Amicitia Maloon-Gibson, an executive coach and co-author of the best-selling book “Stepping Stones to Success,” recommends you begin a mentoring relationship with two documents: a worksheet/questionnaire for your mentee and a set of binding agreements between you and your mentee.
The worksheet/questionnaire is intended to help your mentee conduct a rigorous self-assessment of his strengths, weaknesses, short-term goals and long-term goals. The resulting information should help you both identify the focuses of your future coaching sessions, which skills you should help the mentee develop and which obstacles you should help him conquer.
For example, suppose the mentee’s worksheet reveals that he is doggedly aiming for a leadership position but has a fear of public speaking — a skill that is obviously required of effective leaders. Your mentee’s worksheet responses would suggest that you should encourage your mentee to improve his public speaking skills, no matter how intense his fear may be. So after explaining to your mentee the importance of developing his public speaking skills, you might, for example, suggest that he join Toastmasters International, take a class or receive individual coaching on public speaking. After the training, you might want to help identify or arrange opportunities for your mentee to use his improved public speaking skills.
In addition, the worksheet responses may reveal the types of expertise you should offer and the types of support the mentee needs. For example, suppose you are a woman and your mentee is a young woman who is striving to break certain types of glass ceilings. These results suggest that you should share any relevant experiences or observations you may have about breaking similar glass ceilings, and that you should regularly initiate discussions about your mentee’s progress in this area.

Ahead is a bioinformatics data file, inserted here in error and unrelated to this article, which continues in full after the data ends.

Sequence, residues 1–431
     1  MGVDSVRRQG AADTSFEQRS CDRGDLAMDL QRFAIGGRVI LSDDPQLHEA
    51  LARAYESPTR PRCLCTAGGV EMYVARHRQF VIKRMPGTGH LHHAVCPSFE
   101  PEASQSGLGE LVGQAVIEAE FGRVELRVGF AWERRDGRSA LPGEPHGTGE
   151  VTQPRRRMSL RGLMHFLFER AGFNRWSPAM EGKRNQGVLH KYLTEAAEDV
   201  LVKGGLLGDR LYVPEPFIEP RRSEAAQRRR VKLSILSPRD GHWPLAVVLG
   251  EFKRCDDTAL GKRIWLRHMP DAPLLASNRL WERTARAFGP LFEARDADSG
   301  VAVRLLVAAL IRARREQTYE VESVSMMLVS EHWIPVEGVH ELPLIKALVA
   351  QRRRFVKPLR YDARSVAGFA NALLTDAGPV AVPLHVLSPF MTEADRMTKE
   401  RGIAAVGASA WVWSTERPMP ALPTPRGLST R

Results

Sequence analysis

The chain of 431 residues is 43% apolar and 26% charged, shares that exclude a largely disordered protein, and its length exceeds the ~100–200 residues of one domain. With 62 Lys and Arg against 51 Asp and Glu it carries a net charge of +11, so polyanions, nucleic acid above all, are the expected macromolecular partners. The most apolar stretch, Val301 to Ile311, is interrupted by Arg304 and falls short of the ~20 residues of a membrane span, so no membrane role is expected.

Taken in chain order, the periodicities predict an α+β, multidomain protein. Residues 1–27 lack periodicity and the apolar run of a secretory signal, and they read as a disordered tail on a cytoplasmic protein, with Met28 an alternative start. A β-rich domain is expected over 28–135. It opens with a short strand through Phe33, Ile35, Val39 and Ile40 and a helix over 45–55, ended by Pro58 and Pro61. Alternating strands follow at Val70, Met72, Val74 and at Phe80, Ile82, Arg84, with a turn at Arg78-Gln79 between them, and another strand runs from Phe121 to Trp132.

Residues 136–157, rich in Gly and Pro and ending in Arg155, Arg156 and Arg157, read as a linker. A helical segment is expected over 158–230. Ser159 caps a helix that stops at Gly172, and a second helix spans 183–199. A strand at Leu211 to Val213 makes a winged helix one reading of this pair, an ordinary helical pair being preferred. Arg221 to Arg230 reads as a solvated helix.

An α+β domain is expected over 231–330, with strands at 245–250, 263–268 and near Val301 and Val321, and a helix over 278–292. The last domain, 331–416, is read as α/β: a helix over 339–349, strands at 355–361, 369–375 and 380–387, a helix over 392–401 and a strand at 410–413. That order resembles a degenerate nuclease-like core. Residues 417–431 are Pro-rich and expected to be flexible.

The worksheet should also ask mentees to describe their expectations for the mentoring relationship so that you can gauge whether their expectations should be negotiated further.
The binding agreements — or contract — between you and your mentee will help protect your investment of time and energy in your mentee. This document should establish what types of communication you both will use and how often you will communicate. Will you, for example, plan regularly scheduled face-to-face meetings or e-mail conversations, or will the mentee contact you as needed? Whatever mode of communication you choose, both of you should double-check that neither of you is pledging more time than you can realistically spare.
Also, the contract should establish rules of accountability for your mentee. For example, this document should commit the mentee to being coached and showing up on time to your planned meetings or phone calls; cite how much notice the mentee should give if he must cancel a meeting or phone call; and warn the mentee of consequences he can expect for failing to give notice (unless he is involved in an emergency). For example, the contract may state, “If the mentee fails to show up at more than X number of meetings without giving notice, the mentor-mentee relationship will be dissolved.”
In addition, the contract should prepare the mentee for the full range of feedback you will provide. Maloon-Gibson explains, “I use the contract to ensure that each mentee will be open to feedback — good or bad, positive or negative. Some people just want to be pumped up. But my contracts tell mentees that they can expect to hear the truth from me (in a tactful way).’’
She continues: “If I see a problem, I will discuss alternative courses of action with them but I won’t tell them what course of action to take. This is all part of teaching mentees to take ownership of their goals, and empowering mentees to make decisions for themselves.”